HBCU Library Alliance DIGITIZATION FREQUENTLY ASKED QUESTIONS FAQs
1. Why Digitize?
There are a number of different reasons why digitization is desirable in today’s context. The primary advantage to digitization is it provides enhanced access to deteriorating or inaccessible collections. It makes it possible to bring together virtually related items the are separated physically. In certain cases, digitization can be used for information preservation and to conserve storage space. Finally, it can allow access from anywhere, at any time, and information sharing.
2. What is the importance of maintaining a digital archive of library materials?
Libraries have an interest in and the ability to preserve the vast spectrum of documents and artifacts that might otherwise be lost to society. Many of our works are unique and priceless and will not be produced in the future. Others are in brittle condition and will eventually be lost if they are not preserved. Closer to home, digitization will capture the history and rich culture of our community, thereby adding to the treasure trove of information stored at HBCU libraries and archives.
3. What are the monetary costs associated with digitization?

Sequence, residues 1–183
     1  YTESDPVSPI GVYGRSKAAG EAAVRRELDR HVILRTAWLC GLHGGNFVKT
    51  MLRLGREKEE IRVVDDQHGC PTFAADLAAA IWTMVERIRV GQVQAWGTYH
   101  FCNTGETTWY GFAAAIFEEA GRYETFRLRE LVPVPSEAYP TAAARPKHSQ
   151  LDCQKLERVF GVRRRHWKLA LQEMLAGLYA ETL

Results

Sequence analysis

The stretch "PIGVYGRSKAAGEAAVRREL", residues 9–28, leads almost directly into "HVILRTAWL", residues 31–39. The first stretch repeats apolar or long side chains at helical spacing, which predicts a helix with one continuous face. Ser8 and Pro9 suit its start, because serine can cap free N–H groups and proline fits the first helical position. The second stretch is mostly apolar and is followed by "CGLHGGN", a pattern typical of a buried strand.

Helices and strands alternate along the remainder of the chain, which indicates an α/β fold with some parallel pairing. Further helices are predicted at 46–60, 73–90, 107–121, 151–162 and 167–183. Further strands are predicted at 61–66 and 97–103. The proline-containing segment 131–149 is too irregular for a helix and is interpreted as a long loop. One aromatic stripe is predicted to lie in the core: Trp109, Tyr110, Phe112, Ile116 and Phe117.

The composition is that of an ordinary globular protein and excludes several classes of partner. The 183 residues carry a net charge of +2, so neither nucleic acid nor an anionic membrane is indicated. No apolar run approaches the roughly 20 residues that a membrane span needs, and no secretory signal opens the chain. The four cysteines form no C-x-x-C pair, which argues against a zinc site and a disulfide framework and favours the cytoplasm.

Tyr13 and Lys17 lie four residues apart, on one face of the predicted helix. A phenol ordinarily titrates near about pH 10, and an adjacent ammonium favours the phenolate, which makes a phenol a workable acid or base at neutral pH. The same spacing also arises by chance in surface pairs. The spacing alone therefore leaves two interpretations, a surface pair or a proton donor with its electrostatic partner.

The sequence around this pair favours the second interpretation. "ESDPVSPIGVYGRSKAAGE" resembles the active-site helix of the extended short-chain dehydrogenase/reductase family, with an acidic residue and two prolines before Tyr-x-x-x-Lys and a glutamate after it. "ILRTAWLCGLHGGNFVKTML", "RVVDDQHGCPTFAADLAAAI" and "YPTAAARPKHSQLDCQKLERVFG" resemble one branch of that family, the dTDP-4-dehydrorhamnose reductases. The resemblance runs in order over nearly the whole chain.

Digitization costs vary depending on whether projects are out sourced or completed in- house. Costs include equipment, staff, and space to house the operations. The biggest cost; however, are not in staffing, but in selection, preparation, metadata creation and maintenance over time.
4. Is scanning a violation of copyright law?
It can be. Material that is in the public domain can be freely digitized. Copyrighted material can be digitized when it is permitted by one of the exemptions to copyright law (such as fair use or the limited exemptions available to libraries and archives), or with the permission of the copyright owner.
5. How will the Cornell digitization project affect the Library’s own preservation and digitization program?
The preservation programs at most Alliance member institutions remain strong. The HBCU Library Alliance grant sponsored Cornell digitization project will strengthen the Library’s own preservation and digitization program. However, since it will be a number of years before we are able to digitize entire collections, digitization work continues to be very valuable in identifying items that will benefit from immediate attention.
6. Will each institution library put their digitized materials online?
The images of libraries participating in the Cornell Project will be stored in a central repository located at Robert W. Woodruff Library of the Atlanta University Center. Each institution’s local digital collection will be accessible from that institution’s website and fall under local network infrastructures. Ownership of all documents will reside with each institution. Although libraries are encouraged to participate in the HBCU Library Alliance digital archive, libraries may also choose to participate in individual or other cooperative digitization projects.